Launching Your Child into the Adult World:

Being Available but Not Involved

by Robin C. Bonner

Launching When?
Most of what you read about “launching a child” concerns the adjustments family members make when a child leaves home for college. However, I think the true launch takes place when the child graduates from college and sets out on his or her own. After all, most parents support their children financially as long as they are attending school. Although they don’t have as much influence on the child’s day-to-day decisions while the child is living away from him, they are mostly likely still paying the bills. Although the child may work to earn spending money or to contribute toward tuition, she is not yet writing rent or utility checks, shopping for food, cooking meals, or generally working to make ends meet. When the financial umbilical cord is cut, that’s the real launch!

Stable, Well-Paying Employment
As our older child approached her college graduation, she was busy fulfilling childhood dreams: finishing a degree in aeronautical engineering (as a child she had wanted to “build airplanes”) and applying to major companies in the industry. She always wished to work for Lockheed-Martin, one of the largest, and a job at their “Skunkworks” plant in Palmdale, California, was her goal. Located in the desert northeast of Los Angeles, the facility had, over the years, developed the stealth bomber and other cutting-edge aircraft. Lockheed flew Amie out to Palmdale for an interview, then made her a very nice salary offer—one that included a healthy (medical and other) benefits package—and she fulfilled her career goal and gained stable, lucrative employment in one fell swoop.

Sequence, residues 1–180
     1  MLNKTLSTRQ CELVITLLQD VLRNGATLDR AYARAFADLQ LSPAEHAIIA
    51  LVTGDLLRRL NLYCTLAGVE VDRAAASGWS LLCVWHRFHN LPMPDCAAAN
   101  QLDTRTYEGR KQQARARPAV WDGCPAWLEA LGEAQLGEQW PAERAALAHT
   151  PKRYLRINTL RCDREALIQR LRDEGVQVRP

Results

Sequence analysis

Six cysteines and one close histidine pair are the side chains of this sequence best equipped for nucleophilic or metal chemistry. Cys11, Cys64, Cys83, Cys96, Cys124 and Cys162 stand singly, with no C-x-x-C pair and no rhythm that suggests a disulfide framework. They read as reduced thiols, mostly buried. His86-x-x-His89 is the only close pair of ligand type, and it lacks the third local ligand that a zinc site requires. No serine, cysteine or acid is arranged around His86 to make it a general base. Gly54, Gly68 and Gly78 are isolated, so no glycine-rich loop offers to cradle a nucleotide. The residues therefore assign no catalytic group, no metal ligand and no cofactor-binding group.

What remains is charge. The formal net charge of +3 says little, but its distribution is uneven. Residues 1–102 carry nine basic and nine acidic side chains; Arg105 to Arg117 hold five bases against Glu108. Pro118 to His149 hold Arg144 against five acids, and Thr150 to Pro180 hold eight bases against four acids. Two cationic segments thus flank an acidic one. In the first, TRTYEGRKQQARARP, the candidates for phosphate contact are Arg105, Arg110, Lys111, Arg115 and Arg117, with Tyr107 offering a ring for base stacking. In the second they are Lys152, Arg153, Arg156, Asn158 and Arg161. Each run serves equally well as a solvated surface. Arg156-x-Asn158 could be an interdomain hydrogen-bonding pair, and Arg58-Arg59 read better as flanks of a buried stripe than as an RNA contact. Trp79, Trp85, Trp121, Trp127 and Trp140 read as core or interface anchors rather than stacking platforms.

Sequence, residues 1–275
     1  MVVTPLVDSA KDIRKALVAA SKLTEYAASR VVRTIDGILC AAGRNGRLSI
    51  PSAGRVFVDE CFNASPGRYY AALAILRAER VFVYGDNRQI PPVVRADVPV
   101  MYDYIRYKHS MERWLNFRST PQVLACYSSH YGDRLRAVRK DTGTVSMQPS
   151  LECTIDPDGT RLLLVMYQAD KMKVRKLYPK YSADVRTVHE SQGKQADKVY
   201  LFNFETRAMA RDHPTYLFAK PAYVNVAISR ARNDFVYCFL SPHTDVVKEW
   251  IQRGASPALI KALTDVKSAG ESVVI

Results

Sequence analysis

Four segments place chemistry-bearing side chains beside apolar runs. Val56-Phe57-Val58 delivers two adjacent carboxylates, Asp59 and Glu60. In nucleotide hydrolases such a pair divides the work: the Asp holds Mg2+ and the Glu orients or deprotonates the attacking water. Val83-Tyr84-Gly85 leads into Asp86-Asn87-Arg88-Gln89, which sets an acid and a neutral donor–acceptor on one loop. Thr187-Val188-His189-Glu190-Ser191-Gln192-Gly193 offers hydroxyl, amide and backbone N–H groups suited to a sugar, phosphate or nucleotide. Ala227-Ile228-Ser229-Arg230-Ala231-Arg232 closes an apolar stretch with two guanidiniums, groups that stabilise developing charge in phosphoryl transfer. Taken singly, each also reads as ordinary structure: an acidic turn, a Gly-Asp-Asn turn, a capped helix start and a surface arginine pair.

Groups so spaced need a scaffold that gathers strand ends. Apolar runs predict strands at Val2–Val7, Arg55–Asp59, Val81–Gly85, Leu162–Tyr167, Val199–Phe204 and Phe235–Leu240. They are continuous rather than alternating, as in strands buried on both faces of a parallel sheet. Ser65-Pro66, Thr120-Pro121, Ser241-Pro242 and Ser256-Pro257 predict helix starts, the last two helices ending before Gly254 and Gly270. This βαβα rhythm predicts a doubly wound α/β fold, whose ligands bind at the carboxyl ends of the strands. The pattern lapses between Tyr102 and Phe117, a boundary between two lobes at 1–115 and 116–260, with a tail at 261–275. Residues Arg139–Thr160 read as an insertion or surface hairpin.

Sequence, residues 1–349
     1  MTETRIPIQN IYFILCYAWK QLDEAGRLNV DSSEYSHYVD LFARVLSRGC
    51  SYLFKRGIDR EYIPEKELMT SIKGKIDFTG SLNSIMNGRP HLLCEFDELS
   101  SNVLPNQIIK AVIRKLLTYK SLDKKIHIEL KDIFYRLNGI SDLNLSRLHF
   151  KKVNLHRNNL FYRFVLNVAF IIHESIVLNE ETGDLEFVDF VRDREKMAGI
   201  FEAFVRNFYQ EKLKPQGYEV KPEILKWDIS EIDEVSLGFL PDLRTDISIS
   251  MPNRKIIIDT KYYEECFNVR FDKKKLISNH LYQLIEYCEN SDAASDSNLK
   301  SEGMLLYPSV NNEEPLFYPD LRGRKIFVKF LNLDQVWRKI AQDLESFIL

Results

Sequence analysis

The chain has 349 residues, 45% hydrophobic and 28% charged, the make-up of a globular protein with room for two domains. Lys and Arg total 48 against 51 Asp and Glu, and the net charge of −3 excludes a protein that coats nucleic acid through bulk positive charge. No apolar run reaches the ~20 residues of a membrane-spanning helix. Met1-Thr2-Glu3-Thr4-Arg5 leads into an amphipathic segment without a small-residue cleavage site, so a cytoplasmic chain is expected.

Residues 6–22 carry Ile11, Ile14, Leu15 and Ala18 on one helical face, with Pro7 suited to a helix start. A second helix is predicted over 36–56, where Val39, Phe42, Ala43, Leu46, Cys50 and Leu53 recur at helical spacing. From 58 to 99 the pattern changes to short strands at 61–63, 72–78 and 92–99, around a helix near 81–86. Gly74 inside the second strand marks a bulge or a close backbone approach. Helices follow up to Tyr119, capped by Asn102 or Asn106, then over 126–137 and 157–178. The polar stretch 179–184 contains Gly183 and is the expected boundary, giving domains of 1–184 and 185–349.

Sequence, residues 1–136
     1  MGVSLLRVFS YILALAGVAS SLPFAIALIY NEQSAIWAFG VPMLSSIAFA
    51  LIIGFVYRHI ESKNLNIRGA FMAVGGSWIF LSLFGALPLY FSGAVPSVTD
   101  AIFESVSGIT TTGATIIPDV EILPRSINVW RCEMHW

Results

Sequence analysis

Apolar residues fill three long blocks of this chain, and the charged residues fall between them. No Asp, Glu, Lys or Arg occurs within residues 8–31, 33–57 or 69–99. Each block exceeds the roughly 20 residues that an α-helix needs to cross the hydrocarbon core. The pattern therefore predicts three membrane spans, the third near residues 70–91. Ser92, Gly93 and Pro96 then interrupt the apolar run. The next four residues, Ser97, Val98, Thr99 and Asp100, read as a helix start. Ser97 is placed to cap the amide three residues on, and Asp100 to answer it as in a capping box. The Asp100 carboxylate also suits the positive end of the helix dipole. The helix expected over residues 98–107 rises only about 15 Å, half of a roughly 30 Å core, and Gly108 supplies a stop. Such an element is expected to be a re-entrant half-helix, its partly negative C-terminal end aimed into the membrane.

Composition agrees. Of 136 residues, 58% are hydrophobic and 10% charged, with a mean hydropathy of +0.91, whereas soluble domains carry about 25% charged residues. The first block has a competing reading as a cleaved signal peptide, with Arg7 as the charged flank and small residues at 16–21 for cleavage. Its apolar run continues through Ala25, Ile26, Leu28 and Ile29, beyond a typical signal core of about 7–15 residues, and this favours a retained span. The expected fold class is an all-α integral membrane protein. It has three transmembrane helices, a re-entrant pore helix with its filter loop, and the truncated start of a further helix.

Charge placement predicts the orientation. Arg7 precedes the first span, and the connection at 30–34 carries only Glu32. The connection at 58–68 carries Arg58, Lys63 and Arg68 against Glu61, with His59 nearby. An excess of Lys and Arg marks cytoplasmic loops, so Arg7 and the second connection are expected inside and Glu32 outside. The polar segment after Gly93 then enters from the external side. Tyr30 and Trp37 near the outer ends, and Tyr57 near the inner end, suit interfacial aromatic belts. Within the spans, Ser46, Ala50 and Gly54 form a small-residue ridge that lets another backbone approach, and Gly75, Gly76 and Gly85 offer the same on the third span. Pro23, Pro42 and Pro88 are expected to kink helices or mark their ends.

That summer, when Amie left on her cross-country venture with her boyfriend Todd (who secured a job in nearby Irvine with Boeing affiliate Frontier Systems), I felt a tug at my heart strings, but my purse strings remained intact. We had finished making college tuition payments in January. And, Amie, with her graduation gift money, would get an apartment in Palmdale and set up her adult life. We found it amusing when she called home after getting her first “real” paycheck. “Geez, all that money, and it all went to pay bills!” she complained. “Welcome to adulthood.” we laughed. We had been doing that (seeing paychecks disappear) for as long as we could remember.

I reminded Amie that she was one of the lucky ones. As a well-paid engineer, she could afford to have her own apartment, unlike many other graduates in lower-paying fields, who were forced to take on roommates or even move back in with their parents for a while to make ends meet. To achieve our own career goals, my husband and I (he in environmental protection, I in publishing) had done just that.